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Mark Robinson’s switch to linebacker wasn’t the plan, but has paid huge dividends

The Pittsburgh Steelers’ 7th Round pick is still learning the ropes as a linebacker, but he found his way to the NFL despite experience.

NFL: Pittsburgh Steelers Rookie Minicamp Charles LeClaire-USA TODAY Sports

When an NFL team makes a player one of their two 7th Round selections, it isn’t necessarily a huge boost of confidence in the player. However, and something BTSC’s Dave Schofield says every year, is how a 7th Round selection is essentially an Undrafted Rookie Free Agent (UDFA) a team doesn’t want to have to out-bid another team for their services.

Either way, the Pittsburgh Steelers spent their first of two 7th Round picks on Ole Miss linebacker Mark Robinson. If you follow the team closely, you’ve already heard Robinson’s story.

As a freshman he attended Presbyterian, a Division I FCS school, as a running back, then Presbyterian eliminated football scholarships after the season. This decision saw Robinson transfer to Southeast Missouri, another FCS school. When Southeast Missouri canceled their season due to COVID-19, Robinson decided to join a former teammate at Ole Miss as a walk-on running back. Instead, he got to play scout-team linebacker.

As some would say, the rest is history.

What was the switch from running back to linebacker like for Robinson?

“Life changing,” Robinson called the decision to move to linebacker. “Best decision I ever made.”

While some fans might see Robinson being drafted as something the former ball carrier would have just taken in stride. However, Robinson admits he fought the decision to move to defense for a while.

“They were asking me for about a month,” he said. “I kept deferring. Every day they kept asking, and I got tired of hearing it. I wouldn’t say they wore me down, but they gave me something to think about.”

Since going to the defensive side of the ball, he brought a physicality with him which caught the Steelers’ eyes. Some compare Robinson’s raw, and often times angry, demeanor on the field to James Harrison. Those comparisons might be a bit premature, but his tackling was one of the reasons the Steelers picked Robinson.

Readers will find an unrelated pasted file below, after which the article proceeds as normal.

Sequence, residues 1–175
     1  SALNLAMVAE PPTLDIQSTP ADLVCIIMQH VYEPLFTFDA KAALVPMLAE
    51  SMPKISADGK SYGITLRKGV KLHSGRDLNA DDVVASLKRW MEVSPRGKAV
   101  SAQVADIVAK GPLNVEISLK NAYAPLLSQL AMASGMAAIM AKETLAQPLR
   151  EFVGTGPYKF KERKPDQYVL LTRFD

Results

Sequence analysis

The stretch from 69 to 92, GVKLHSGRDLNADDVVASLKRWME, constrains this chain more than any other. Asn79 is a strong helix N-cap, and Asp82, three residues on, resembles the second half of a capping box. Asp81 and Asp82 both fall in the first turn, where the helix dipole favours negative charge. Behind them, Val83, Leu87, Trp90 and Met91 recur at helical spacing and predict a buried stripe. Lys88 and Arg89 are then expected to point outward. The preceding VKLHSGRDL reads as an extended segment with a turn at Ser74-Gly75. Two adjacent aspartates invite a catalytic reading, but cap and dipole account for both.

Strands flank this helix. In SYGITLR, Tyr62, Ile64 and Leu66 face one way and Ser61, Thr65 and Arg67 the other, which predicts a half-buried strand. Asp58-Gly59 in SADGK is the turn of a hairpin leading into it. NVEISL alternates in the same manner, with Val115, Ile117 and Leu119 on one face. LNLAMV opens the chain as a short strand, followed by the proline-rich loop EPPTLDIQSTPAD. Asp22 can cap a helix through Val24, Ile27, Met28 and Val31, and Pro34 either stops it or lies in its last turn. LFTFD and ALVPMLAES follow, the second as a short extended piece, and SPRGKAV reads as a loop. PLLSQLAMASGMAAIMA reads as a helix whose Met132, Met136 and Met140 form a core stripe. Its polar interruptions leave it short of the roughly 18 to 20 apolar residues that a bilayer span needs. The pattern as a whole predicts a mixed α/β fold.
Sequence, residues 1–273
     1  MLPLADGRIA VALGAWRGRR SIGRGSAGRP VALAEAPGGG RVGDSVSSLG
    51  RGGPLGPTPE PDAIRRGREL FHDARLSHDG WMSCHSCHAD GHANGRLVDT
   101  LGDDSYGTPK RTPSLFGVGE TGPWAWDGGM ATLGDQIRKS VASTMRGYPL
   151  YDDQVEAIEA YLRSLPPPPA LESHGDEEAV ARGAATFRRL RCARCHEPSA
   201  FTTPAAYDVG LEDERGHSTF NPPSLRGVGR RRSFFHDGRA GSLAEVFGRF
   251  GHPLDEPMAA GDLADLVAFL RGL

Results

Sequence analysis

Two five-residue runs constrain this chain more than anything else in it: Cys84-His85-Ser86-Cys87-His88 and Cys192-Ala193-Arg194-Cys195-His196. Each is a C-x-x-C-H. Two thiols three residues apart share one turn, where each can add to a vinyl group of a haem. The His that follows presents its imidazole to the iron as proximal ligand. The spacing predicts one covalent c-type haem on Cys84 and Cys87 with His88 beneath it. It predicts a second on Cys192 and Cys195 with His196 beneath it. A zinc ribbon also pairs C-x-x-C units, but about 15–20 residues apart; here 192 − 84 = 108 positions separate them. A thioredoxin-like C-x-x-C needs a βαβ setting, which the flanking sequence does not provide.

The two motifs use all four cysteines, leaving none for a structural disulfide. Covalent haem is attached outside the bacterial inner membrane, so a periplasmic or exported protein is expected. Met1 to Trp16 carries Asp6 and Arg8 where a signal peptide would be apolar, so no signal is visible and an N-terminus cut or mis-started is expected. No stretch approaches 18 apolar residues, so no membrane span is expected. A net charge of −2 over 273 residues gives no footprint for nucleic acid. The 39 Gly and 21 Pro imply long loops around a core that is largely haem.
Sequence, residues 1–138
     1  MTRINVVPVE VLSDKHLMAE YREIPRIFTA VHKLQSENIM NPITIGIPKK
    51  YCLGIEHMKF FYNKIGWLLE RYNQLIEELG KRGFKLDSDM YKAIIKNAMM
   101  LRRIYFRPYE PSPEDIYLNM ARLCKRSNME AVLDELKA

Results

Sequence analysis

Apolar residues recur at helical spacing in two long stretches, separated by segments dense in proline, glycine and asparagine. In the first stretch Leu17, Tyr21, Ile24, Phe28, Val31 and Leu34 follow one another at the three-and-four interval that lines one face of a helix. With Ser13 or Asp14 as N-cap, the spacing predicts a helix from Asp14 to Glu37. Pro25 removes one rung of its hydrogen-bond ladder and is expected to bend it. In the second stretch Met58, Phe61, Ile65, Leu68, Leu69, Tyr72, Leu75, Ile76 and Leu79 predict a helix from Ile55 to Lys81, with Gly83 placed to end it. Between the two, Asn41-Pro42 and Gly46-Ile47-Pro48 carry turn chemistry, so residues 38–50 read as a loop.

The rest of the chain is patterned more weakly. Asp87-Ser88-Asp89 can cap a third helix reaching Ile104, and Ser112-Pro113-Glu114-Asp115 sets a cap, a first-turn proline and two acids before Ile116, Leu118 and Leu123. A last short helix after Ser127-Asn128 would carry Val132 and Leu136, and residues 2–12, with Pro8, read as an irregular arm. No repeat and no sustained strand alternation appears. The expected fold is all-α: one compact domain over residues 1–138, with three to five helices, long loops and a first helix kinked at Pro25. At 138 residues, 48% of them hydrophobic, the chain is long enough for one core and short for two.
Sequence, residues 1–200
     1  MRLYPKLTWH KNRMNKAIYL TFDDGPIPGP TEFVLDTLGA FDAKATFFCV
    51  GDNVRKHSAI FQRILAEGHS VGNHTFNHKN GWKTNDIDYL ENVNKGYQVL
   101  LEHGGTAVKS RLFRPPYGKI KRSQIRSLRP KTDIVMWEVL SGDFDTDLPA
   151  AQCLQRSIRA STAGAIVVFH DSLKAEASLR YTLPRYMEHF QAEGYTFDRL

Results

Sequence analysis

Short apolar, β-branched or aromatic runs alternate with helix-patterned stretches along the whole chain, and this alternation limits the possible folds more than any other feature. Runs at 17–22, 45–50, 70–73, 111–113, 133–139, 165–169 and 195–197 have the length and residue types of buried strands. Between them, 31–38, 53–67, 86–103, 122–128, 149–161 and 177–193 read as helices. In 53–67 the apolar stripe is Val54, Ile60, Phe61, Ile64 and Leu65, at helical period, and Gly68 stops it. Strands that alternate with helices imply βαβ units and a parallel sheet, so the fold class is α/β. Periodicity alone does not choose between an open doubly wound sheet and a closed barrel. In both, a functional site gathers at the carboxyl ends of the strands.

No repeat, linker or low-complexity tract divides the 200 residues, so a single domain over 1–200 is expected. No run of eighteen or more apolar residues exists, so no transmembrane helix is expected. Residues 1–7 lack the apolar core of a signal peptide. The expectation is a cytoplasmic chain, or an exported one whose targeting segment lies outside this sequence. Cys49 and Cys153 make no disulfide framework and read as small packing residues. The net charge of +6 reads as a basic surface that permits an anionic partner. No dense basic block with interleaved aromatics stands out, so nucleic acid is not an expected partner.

“He has a real explosive tackling demeanor about him,” general manager Kevin Colbert said after the 2022 NFL Draft concluded.

In hindsight, Robinson credits his coaches at Ole Miss for his successes and getting drafted into the NFL.

“It’s a blessing that I had some good coaches that saw something in me,” Robinson told Joe Rutter of the Pittsburgh Tribune-Review. “I took a leap of faith, it worked out and I’m here today.”

The move to defense hasn’t, and won’t, be smooth all the time. In fact, Robinson knows he has plenty to work on before he can even consider being anything other than a special teams player for the Steelers. What does he need to work on the most?

“Play recognition was the hardest part,” Robinson said. “On offense, it’s one call, but on defense, the play changes every time one person moves. What came easily was my effort, my work to my will. That’s what I bet on and that’s just my game, so I’m going to continue to play that way and add more to the toolbox, and we’re just going to keep getting better.”

As a late round selection, the Steelers don’t have to rely on Robinson for anything this season. If he can be a contributor on special teams it would be considered a successful season. If he is able to eventually turn into a starting linebacker, now that is a story which would rank among the other Steelers who turned a late round pick into a starter. Those names would include: Brett Keisel (7th Round), Antonio Brown (6th Round), Vince Williams (6th Round) and Kelvin Beachum (7th Round).

Let’s hope Robinson is able to join that aforementioned list at some point in his career with the Steelers.

Be sure to stay tuned to BTSC for the latest news and notes surrounding the Steelers as they prepare for the start of Phase 3 of Organized Team Activities (OTAs) and mandatory minicamp.